Hey there, time traveller!
This article was published 21/6/2019 (774 days ago), so information in it may no longer be current.
In this town, Strike! The Musical is kind of a big deal, especially in 2019, the 100-year anniversary of the Winnipeg General Strike.
THEATRE REVIEWClick to Expand
Strike! The Musical
Written by Danny Schur and Rick Chafe
● Rainbow Stage
● June 18 to July 5
● Tickets $25-$65 at rainbowstage.ca, 204-989-0888
★★★★ out of five
Bear in mind, a musical taken from the pages of Winnipeg history has always assumed the risk of appearing like a small-town centennial pageant. In more humble past productions, the Danny Schur-Rick Chafe-penned play has actually resembled that.
But as the play makes its way to Rainbow Stage as the first locally written book-musical to be produced in the Kildonan Park venue’s 65-year history, it truly rises above its humble beginnings.
It’s a big production, with a lavish set design by longtime Stratford vet Douglas Paraschuk multi-functioning as industrial workplace (a Vulcan Iron Co. sign looms under the proscenium), a North End slum dwelling and a Wellington Crescent drawing room.
The centrepiece story is that of Mike Sokolowski (Cory Wojcik), an immigrant who has escaped Ukraine with his eldest son Stefan (Duncan Cox), intent on working to raise money to bring the remainder of his family to Winnipeg.
But it is a time of great unrest. Anti-immigrant sentiments are running high. Workers barely earn enough to live. A cynical ruling class, embodied here by Winnipeg politician A.J. Andrews (Kevin McIntyre), is intent on keeping wages low by pitting workers against each other. The situation is so grave, a movement asserts itself for workers to participate in a massive general strike.
Mike Sokolowski wants to keep working, even as a scab, but his son is rebelling, beguiled as he is by strike-friendly neighbour Rebecca Almazoff (Elena Howard-Scott), the sister of firebrand activist Moishe (Josh Bellan), spawning a Catholic/Jewish slant to star-crossed musical theatre love.
Inspired by Stand!, the movie version of Strike! shot last summer, Schur and Chafe have added ethnic diversity into the story. An Irish returning soldier has transmogrified into a Métis character, Gabriel (Nick Nahwegahbow), and a formerly white maid is now Emma Jones (Maiko Munroe), a black refugee from racial strife in Oklahoma.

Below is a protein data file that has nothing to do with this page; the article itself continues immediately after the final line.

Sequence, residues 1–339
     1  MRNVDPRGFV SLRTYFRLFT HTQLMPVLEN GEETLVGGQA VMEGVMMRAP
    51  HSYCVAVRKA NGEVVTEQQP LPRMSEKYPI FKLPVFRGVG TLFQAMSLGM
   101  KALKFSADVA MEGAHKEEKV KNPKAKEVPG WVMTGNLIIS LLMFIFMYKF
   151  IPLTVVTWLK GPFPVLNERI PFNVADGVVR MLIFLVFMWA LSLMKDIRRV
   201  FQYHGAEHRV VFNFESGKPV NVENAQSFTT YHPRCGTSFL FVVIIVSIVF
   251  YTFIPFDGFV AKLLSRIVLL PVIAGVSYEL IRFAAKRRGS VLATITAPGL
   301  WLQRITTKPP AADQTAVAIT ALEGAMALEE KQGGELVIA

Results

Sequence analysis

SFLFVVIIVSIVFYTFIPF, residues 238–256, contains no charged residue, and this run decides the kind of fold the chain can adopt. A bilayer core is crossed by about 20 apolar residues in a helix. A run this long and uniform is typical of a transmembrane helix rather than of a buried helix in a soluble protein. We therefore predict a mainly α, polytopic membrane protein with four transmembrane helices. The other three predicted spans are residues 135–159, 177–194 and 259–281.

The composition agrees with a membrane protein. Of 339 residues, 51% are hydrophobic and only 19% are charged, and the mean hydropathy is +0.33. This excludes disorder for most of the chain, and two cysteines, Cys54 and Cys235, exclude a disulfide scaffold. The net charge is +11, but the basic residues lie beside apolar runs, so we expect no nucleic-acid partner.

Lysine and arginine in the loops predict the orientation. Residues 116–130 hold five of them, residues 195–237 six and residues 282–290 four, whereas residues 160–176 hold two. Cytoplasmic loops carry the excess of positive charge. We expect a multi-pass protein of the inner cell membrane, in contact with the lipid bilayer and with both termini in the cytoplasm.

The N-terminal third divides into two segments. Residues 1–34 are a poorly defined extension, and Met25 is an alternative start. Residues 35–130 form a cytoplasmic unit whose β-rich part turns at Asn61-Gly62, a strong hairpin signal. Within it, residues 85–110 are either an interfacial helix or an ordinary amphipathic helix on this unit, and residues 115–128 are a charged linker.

It fits. Both characters recognize the divisive game being played by the white English ruling class. And in fact, the racial divide rings even more relevance in this age of Trump nativism and immigrant-blaming.
Director Sharon Bajer, working with choreographer Sam Manchulenko and musical director Jesse Grandmont, imbues the proceedings with a homespun musicality, augmented by an onstage four-piece band. Just about every actor plays a musical instrument, including the three sibling waifs — Malacai, Jonah and Shiloh Hiebert — who play the fiddling "newsies," a kind of Greek chorus supplying tidbits of historical context in the form of news headlines. (A fiddle duel between Malacai and Grandmont during the song Nothing Radical constitutes a sublime show-stopper in the first act.) It all makes for an interesting aural/multicultural mosaic factoring in Nahwegahbow’s flute music and Paula Potosky adding a touch of klezmer with her clarinet.
Suffice it to say: McIntyre’s second-act entrance prior to the performance of the song Right of the Ruling Class is damn near perfect.
Bajer has a strong cast assembled here. Wojcik has performed the role enough times he gives the martyred Sokolowski an appropriate gravitas. Cox and Howard-Scott make a winsome North End Romeo and Juliet, and Bellan looks and sounds exactly the part of a Jewish radical of the era. Both McIntyre and young performer Dane Bjornson, as a resentful returning soldier, are delightfully hateful.
Maiko Munroe gets to sing the new song Stand at the climax of the first act, and is sufficiently strong of voice that one notices the role of Emma Jones isn’t sufficiently fleshed out to justify the musical’s new centrepiece song.
But that’s a small quibble in the greater scheme of things, and a musical based on the 1919 General Strike warrants a Big Picture appreciation.
If, like the New Yorker who’s never seen the Statue of Liberty, you’ve somehow missed past productions of Strike, this is an excellent time to fix that. It’s easily the best stage production of the show, produced, finally, at the scale it deserves.
In a way, Randall King was born into the entertainment beat.